I recently set up automated watering in our backyard. The gutters on our garage fill a rain barrel that has a timer attached to a soaker hose that runs through the garden. This is especially nice solution because (1) there’s no running water on that side of the house, (2) the rain water is free, (3) I can spend gardening time on other tasks, and (4) the chipmunks that used to love to hide in that downspout have to find another home now. It’s not fertilizing like in this article, but it wouldn’t be hard to add if we wanted to.
If there’s any interest, I might make a video of this. Please let me know in the comments.
“Recently, I have seen a large-ish uptick in customers reverse engineering our code to attempt to find security vulnerabilities in it. < Insert big sigh here. > This is why I’ve been writing a lot of letters to customers that start with “hi, howzit, aloha” but end with “please comply with your license agreement and stop reverse engineering our code, already.”
This article is hard to believe. Imagine if the people that discover these vulnerabilities sold them on the black market instead of reporting them to Oracle. I would hope that Oracle would prefer receiving an email to widespread zero-day attacks.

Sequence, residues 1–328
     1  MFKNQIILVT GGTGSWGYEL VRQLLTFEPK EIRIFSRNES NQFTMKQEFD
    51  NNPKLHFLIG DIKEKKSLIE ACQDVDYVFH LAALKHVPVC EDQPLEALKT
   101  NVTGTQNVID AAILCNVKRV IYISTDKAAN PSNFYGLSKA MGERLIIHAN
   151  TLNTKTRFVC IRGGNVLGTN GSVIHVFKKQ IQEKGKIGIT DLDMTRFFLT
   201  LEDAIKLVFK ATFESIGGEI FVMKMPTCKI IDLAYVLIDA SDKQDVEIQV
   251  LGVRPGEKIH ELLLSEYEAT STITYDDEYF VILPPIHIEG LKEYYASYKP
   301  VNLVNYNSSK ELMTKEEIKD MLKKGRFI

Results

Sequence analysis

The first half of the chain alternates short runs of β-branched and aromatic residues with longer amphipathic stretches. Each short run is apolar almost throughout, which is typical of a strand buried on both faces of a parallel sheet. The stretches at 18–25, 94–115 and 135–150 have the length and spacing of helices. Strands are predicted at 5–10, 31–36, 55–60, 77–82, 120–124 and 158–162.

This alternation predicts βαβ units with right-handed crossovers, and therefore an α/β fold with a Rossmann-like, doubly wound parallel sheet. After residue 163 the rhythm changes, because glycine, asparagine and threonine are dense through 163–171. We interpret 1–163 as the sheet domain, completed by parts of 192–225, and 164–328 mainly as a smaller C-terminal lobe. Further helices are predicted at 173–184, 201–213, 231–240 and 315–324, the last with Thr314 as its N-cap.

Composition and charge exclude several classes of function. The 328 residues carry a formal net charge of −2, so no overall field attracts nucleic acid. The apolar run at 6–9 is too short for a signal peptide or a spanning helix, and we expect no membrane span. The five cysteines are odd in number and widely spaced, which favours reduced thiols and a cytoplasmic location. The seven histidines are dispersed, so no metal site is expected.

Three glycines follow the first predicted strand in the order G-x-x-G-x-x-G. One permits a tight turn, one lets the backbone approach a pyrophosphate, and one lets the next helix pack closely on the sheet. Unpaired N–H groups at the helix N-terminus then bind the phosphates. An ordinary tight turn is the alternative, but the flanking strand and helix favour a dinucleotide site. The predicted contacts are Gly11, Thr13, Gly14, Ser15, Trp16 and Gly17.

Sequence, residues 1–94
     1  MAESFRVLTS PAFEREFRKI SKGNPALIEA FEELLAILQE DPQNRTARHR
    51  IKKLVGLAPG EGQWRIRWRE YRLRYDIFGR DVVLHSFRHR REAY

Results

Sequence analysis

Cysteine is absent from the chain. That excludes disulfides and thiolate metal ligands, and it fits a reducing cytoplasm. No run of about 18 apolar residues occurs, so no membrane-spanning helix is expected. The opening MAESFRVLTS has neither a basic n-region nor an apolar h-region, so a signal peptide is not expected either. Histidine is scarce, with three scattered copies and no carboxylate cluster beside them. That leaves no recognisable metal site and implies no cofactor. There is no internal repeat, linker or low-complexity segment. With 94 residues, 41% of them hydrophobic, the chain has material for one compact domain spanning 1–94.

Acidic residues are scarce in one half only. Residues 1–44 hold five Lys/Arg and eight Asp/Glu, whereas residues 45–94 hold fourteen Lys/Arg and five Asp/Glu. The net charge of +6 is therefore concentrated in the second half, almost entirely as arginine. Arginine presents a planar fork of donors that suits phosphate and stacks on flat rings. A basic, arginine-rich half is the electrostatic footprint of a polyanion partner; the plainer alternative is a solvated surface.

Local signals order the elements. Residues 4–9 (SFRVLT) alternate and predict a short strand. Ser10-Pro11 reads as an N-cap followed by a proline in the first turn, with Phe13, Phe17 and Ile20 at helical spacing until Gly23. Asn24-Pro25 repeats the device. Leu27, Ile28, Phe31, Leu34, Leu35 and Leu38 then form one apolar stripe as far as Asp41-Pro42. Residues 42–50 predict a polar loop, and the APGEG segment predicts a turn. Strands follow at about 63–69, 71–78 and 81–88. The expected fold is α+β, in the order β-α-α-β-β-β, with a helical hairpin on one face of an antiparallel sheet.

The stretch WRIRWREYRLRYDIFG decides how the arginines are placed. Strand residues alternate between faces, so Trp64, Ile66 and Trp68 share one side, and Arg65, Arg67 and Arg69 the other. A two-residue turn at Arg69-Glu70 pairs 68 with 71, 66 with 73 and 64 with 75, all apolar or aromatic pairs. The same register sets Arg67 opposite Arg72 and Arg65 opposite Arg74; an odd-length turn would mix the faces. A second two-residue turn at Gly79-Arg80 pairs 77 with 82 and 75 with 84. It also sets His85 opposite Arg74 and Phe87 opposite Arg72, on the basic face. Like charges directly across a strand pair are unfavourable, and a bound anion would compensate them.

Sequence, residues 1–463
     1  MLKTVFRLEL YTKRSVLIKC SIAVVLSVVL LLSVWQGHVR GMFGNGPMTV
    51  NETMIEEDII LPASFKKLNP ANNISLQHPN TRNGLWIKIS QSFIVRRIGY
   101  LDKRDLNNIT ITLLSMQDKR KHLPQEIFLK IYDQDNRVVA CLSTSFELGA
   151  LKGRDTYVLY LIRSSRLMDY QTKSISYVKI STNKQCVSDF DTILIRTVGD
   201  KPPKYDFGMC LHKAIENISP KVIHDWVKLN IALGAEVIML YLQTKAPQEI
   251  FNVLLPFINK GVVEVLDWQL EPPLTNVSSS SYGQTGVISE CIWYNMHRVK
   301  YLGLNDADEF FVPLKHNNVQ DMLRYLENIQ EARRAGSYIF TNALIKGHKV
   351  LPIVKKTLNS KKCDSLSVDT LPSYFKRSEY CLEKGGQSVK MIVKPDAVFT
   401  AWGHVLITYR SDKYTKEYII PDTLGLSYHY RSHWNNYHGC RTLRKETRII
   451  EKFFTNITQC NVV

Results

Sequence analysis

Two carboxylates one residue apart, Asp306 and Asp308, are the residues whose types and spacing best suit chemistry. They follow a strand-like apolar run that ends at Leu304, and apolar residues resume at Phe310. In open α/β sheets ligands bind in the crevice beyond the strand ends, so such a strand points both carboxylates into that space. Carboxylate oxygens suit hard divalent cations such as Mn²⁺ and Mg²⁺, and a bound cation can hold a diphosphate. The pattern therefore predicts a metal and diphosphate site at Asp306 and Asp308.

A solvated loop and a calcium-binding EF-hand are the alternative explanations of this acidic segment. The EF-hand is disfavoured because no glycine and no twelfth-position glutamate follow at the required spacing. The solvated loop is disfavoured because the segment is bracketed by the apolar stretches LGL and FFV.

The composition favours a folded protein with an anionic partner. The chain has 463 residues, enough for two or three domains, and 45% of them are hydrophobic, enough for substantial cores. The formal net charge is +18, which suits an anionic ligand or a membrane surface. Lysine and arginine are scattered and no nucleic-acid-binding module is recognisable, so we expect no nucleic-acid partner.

Though I’m not a lawyer, this makes me wonder what constitutes reverse engineering, and also the legality of license clauses that disallow reverse engineering in this situation. Unfortunately, Wikipedia doesn’t mention anything about reporting security vulnerabilities, which seems like something that should always be allowed.
In the United States even if an artifact or process is protected by trade secrets, reverse-engineering the artifact or process is often lawful as long as it has been legitimately obtained.
Reverse engineering of computer software in the US often falls under both contract law as a breach of contract as well as any other relevant laws. This is because most EULA’s (end user license agreement) specifically prohibit it, and U.S. courts have ruled that if such terms are present, they override the copyright law which expressly permits it (see Bowers v. Baystate Technologies).
Sec. 103(f) of the DMCA (17 U.S.C. § 1201 (f)) says that a person who is in legal possession of a program, is permitted to reverse-engineer and circumvent its protection if this is necessary in order to achieve “interoperability” – a term broadly covering other devices and programs being able to interact with it, make use of it, and to use and transfer data to and from it, in useful ways. A limited exemption exists that allows the knowledge thus gained to be shared and used for interoperability purposes.
Do security vulnerabilities fall under “interoperability”? Are there “whistle blower” laws that encourage security vulnerabilities to be reported and dealt with responsibly? If not, should there be?
On Monday, the Iowa City City Council voted to help fund a bike-sharing grant with the University of Iowa, authorized the creation of dedicated bike lanes to parts of First Avenue and Mormon Trek Boulevard, as well as changes to the city’s biking ordinance.